By Elana Miller, MD
Reprinted from: Huffington Post
On December 17, 2013 I went to the ER for what I presumed was walking pneumonia (as a physician, I’m good at misdiagnosing myself) only to find out I had a giant tumor in my chest that could have killed me within weeks. Immediately I was admitted to the hospital and started on chemotherapy for Stage IV Acute Lymphoblastic T-Cell Lymphoma.
Over the following months I experienced a whirlwind of physical and emotional changes. The treatment became increasingly arduous, and I lost the ability to perform even simple functions, including working, driving, preparing food, and running errands. At 31 years old, I thought anyone taking away my independence would be prying it from my cold, dead hands. Unfortunately, that was almost the case.
Thankfully, I had a community of supporters — family, coworkers, friends — who stepped up and took care of me when I needed it most.
When a person first gets a cancer diagnosis, they’re often so overwhelmed they have no idea how to ask for help or what to ask for — but they sure need it. If you have a friend or family member with cancer you want to help, don’t make the mistake of making a vague, questionably-sincere offer “Well, call me when you need me!” (they won’t).
Instead, make your friend’s life easier by anticipating his or her needs and giving tangible, much-needed support. Here is a list of the top favors people did for me that made my day (and made my life much easier!) after my cancer diagnosis.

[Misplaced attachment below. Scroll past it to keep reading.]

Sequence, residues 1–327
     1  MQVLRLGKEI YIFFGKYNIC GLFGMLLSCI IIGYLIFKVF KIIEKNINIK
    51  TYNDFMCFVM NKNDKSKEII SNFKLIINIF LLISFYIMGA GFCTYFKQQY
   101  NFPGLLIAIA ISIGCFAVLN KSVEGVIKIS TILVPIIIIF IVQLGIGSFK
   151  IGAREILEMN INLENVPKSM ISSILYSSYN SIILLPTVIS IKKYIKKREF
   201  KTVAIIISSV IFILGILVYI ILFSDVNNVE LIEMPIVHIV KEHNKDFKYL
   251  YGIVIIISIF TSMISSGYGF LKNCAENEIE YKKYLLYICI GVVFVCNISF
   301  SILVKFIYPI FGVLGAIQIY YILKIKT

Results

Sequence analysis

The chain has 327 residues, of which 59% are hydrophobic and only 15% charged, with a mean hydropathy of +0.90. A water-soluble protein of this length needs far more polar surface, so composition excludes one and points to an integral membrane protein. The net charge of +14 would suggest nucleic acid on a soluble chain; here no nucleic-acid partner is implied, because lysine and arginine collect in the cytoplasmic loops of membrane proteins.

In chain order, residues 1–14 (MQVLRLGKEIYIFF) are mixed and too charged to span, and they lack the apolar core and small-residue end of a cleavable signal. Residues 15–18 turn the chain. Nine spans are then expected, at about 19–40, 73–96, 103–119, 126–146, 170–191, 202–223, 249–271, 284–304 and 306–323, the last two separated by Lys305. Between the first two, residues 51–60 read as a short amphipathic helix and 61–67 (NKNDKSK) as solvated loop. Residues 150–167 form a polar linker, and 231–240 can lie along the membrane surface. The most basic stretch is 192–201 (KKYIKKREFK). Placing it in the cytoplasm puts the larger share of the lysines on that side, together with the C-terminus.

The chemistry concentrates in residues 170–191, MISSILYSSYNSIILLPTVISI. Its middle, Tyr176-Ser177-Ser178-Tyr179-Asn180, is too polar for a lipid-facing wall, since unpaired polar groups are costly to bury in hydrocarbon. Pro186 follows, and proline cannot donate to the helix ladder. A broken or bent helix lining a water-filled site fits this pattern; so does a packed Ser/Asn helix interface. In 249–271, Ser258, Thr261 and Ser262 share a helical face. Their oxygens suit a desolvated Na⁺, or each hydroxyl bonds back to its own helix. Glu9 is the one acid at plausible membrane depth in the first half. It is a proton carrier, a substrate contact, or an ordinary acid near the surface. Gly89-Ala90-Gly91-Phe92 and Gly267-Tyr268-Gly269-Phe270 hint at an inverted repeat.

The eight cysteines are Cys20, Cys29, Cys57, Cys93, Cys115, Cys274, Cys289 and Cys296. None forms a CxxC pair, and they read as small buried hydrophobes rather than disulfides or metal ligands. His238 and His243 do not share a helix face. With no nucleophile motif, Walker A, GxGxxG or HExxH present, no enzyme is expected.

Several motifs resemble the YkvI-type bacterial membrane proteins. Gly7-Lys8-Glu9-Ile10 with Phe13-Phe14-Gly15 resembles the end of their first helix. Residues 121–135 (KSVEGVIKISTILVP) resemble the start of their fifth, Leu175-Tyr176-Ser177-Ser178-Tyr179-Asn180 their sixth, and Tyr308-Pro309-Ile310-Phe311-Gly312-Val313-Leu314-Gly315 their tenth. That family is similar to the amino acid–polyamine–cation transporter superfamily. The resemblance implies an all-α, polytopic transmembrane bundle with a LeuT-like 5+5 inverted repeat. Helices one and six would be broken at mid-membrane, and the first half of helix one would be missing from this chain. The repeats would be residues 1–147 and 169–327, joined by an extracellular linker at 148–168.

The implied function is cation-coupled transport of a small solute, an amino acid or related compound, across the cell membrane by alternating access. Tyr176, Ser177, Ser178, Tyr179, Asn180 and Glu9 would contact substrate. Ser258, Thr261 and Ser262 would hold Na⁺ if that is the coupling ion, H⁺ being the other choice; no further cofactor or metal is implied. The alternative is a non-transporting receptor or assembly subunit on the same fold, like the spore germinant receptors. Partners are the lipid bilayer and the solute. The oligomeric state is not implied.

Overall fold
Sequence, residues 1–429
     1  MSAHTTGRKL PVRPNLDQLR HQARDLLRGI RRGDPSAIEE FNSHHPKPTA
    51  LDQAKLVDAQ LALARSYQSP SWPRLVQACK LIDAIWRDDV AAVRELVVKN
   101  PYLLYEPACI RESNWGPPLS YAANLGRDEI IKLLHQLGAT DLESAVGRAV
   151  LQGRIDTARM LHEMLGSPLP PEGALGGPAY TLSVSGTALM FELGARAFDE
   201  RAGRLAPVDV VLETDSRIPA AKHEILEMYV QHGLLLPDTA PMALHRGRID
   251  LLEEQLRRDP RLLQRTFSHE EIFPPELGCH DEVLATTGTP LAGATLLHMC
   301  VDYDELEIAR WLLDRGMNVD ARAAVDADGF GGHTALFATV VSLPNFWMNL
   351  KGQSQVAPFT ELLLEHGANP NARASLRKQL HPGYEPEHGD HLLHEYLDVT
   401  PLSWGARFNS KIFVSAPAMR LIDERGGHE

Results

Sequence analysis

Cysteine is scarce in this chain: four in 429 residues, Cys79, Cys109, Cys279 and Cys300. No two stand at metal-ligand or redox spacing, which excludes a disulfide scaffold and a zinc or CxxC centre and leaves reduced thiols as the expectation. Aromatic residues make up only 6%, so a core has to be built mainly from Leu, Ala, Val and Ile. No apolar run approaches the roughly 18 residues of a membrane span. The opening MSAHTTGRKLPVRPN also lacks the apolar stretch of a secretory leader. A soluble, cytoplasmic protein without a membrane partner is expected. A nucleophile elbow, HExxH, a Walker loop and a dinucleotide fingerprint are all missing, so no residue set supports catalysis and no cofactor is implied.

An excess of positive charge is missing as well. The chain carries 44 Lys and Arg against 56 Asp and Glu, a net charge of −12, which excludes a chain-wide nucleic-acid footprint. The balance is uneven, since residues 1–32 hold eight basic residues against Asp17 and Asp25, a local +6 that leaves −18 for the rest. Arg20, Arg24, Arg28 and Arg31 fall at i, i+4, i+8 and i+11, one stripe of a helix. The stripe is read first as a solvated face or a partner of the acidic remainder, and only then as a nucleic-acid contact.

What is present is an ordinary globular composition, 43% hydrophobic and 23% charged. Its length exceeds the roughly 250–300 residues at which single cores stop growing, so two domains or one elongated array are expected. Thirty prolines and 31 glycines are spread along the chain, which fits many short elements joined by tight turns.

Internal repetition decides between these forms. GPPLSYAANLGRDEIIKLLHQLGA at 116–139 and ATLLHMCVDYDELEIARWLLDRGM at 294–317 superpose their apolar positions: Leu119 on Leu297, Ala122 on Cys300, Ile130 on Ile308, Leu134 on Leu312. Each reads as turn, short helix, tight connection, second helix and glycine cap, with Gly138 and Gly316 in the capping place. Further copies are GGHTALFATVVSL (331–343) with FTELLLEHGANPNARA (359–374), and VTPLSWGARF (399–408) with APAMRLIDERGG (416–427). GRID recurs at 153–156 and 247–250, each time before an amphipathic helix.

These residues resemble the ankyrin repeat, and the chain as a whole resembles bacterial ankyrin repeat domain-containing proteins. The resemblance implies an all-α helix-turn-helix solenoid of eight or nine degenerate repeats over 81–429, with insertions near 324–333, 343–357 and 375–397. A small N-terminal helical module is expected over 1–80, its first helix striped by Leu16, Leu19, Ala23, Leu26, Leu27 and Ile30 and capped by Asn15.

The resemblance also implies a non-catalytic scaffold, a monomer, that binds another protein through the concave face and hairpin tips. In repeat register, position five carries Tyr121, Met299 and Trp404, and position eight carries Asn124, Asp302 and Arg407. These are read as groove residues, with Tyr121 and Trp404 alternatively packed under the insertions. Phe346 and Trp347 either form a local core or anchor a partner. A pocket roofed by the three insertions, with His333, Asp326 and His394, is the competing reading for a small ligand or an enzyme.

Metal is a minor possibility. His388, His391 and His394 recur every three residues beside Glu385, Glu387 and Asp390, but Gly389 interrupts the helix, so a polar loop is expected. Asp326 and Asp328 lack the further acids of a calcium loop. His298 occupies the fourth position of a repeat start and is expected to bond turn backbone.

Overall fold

- Deliver a meal. Make sure to ask in advance if they have any dietary restrictions or are following any guidelines. Stay for a visit, or just drop off the food if they’re not up for it (a cooler left outside the front door is perfect for this).
- Deliver a Tupperware of several pre-made meals your friend can heat up as needed. Use Tupperware you don’t need returned.
- Send a quick email, text, or message saying you’re thinking of them.
- Add “No need to respond” to the end of your message — they’ll appreciate hearing from you without feeling the need to do anything in return.
- Add “Feel free to take me up on this offer whenever” when you offer help — they’ll know the offer will still be sincere whenever they need it (in a week, a month, a year).
- Set a calendar alert reminding you to check in with a quick hello or offer of help on a regular basis.
- Send a text the next time you’re at the grocery store and ask if they’d like you to pick anything up.
- Send a text the next time you’re at the drugstore to see if they need any toiletries.
- Send a housekeeper to clean up their place. Take care of the details so they just need to be there to open the door.
- Send a text the next time you’re at the pharmacy to see if they need any prescriptions picked up.
- Send a mobile masseuse for a gift massage.
- Offer to take them out for a coffee or lunch date.
- Offer to visit. Check that they’re feeling up for it.
- Offer to take them out to a movie. If they’re too tired, come by with a rental.
- Offer a ride to chemo and keep them company during the treatment. Even better, commit to giving a ride on a regular basis throughout their treatments.
- Let them know you’re “on call” for emergencies. Mean it.
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